When you settle into a routine new habits are developed; these habits become so natural and part of our everyday life that it’s hard to realize that while they have become second nature, they stand out in their oddness from our previous way of life.

Every night I fool myself into thinking I can hear a lion roar (even when in Miami), every time I hear something barking I ask out loud “where’s the leopard?” and every time see a beautiful full moon I pray that the “Poacher’s Moon” won’t take any rhinos that night.

One morning after a full moon I bumped into two rhinos that seemed uneasy. The vast majorities of rhinos in this reserve are simply precious as they allow you to view them from quite close, so as soon as we found them and they showed an erratic behaviour, something felt out of place. They kept approaching us and then running away, constantly vocalizing.

“What on Earth?”

Suddenly one of them turned around, exposing an injury on his temple, above his eye. There were faint traces of blood. Strange. The rhinos seemed fine besides this and I interpreted their behaviour and injuries as the potential outcome of a territorial fight; both of them were males, it was a plausible assumption. Not wanting to put any additional stress on them I finished my drive and then reported the unusual sighting to our ecologist. He came to the same conclusion as I had, and so we left it at that.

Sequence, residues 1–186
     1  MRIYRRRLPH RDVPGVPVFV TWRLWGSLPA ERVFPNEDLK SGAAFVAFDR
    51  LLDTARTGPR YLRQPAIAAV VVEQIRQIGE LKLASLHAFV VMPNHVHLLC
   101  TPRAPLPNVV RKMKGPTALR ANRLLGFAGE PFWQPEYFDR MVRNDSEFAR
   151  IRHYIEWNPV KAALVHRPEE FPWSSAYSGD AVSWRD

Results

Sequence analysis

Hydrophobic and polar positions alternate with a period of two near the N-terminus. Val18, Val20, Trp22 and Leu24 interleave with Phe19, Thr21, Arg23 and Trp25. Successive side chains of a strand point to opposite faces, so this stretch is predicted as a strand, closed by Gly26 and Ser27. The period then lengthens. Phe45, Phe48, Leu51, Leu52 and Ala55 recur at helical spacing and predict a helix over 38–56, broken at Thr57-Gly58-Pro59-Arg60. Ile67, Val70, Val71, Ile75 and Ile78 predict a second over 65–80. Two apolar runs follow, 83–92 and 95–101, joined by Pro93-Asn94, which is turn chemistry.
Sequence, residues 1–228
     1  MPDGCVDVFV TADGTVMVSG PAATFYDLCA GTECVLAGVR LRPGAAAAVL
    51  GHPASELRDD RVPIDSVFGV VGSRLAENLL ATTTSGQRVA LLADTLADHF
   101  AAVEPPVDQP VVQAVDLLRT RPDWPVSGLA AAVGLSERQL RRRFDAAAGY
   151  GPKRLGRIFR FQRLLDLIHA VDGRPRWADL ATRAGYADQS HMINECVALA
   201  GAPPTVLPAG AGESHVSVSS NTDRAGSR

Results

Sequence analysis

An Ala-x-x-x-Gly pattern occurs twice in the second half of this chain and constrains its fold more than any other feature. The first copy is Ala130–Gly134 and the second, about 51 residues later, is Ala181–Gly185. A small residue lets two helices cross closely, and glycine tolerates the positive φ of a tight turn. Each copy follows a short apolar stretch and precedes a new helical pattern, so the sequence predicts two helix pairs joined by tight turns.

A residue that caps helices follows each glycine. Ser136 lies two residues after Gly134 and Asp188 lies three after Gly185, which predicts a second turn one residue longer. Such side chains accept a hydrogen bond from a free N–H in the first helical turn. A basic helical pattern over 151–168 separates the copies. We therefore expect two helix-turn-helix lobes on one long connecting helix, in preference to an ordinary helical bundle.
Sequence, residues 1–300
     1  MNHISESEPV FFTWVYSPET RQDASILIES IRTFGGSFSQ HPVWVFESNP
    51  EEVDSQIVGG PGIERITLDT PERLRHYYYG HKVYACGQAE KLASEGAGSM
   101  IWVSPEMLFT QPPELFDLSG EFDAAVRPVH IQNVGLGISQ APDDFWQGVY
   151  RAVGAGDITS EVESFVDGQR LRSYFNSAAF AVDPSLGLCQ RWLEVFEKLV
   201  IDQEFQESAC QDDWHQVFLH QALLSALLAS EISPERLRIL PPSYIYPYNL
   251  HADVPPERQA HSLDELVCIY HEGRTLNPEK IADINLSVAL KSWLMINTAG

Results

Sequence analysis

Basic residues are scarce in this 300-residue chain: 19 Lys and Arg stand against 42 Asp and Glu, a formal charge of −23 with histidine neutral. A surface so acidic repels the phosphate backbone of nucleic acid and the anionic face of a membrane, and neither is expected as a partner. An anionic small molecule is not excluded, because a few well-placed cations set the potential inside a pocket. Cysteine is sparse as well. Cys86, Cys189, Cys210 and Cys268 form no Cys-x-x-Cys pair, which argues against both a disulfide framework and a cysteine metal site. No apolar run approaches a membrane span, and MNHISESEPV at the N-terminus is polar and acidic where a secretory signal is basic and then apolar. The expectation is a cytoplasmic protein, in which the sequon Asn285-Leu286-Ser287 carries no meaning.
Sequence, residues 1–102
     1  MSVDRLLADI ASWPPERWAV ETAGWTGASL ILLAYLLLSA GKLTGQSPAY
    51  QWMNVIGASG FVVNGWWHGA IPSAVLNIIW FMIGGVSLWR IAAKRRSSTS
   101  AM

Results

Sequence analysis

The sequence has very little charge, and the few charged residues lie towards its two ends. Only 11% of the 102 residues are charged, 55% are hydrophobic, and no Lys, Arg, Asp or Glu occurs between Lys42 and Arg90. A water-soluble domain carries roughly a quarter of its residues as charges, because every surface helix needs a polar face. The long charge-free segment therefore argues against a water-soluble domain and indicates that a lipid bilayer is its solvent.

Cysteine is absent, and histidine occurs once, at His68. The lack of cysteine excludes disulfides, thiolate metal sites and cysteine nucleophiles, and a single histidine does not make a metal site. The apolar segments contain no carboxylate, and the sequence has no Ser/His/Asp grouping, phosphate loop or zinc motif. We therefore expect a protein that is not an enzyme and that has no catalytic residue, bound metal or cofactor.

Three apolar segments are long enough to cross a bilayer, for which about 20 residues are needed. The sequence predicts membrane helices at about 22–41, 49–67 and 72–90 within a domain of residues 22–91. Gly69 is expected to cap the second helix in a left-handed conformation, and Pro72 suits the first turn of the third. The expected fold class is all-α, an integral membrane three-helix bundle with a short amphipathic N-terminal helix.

On the following safari, they were found again. The wound however was much bigger and there was a thick trace of blood on the rhino’s face. Things didn’t seem so simple anymore and alarm bells started ringing. Murder attempt was becoming more of a possibility and an explanation. Everyone was put on alert: keep an eye on them, observe their status, report any unusual activity. While we all came to the same conclusion, no one wanted to say it out it loud.

After some close monitoring and inspection of the area, the truth came out: someone had sneaked into our reserve and had tried to kill our rhino. For reasons unbeknownst to us, he survived. His wound was taken care of and he only carried a small scar as a reminder of how cruel the fate of wildlife can be when sealed by human greed.


The hero himself

A few weeks later I saw him again, his spirit renewed and exhibiting that personality that had initially made him one of my favourites rhinos when we first met. He was a territorial male who was nice enough to allow in his presence the company of younger males. After weeks had gone by, the signs of his misfortune were only visible for those who know what to look for: a small scar on his temple and a droopy lip. Because of all this he became one of our stars, one of the few that the Poacher’s moon was not destined to take.

Because he survived he was henceforward known by the one name that fit him best: Titanium.

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